While doing so, Crown Coaches also announced in April that it is exploring the possibility of selling the business. Furlanetto says the operator is only at the very start of this process, but its three-to-five year plan is to develop an electric bus network that is an enticing prospect for the right business partner.

“This is an enduring family business and we want to grow the company’s operations with the help of a potential suitor,” he says.

“We now have the makings of a true depot in a box where our learning can be replicated at other depots – we’ve done the hard yards so that others can help us enjoy the fruits.”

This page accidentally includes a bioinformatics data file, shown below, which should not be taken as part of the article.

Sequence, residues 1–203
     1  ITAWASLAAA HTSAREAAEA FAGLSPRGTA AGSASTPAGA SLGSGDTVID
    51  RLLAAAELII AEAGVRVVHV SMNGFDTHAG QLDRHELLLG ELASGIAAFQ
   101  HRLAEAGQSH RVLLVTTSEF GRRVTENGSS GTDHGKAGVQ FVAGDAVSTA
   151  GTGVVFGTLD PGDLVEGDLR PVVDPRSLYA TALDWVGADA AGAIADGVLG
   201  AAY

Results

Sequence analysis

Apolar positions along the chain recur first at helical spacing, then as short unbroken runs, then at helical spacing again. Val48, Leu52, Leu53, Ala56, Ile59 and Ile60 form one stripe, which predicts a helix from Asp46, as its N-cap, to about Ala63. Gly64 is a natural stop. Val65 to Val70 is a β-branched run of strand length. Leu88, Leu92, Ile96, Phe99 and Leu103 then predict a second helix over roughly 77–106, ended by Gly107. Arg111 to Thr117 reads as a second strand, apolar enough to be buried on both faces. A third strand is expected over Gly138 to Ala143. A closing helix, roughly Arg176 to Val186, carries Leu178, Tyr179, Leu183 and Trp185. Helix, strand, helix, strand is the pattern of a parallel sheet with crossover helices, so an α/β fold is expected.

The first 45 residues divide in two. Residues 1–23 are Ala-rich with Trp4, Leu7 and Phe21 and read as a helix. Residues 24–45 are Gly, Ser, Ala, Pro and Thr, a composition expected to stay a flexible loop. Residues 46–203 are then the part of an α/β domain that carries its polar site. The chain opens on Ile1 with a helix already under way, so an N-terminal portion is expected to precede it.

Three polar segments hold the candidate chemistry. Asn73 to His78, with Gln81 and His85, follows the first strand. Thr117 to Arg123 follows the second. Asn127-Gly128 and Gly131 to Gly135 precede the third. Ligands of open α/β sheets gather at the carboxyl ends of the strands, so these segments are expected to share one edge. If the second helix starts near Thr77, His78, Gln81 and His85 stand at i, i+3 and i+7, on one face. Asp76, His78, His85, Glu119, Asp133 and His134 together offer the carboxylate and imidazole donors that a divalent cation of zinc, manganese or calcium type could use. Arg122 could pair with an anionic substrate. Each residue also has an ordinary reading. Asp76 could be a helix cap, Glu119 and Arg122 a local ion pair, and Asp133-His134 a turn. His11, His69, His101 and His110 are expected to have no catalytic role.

The nature of BCI and Crown Coaches’ partnership may be changing before the industry’s very eyes, with the pair remaining committed to working together in the future. With the help of BCI, Furlanetto is using his trademark positivity to encourage the industry to learn from Crown Coaches and build an electric powerhouse that can make the world a cleaner and more sustainable place for the next generation.

“I encourage other operators to take up the challenge of having zero-emissions buses in their fleets as this technology is not a trial, you simply need to start and learn through the process as we’ll all have a part to play,” he says.

“It’s all about being at the forefront of technology as early adopters. We’ve done the best we can courtesy of BCI, and tomorrow will be a better day for operators following Crown Coaches on the road to lowering emissions.”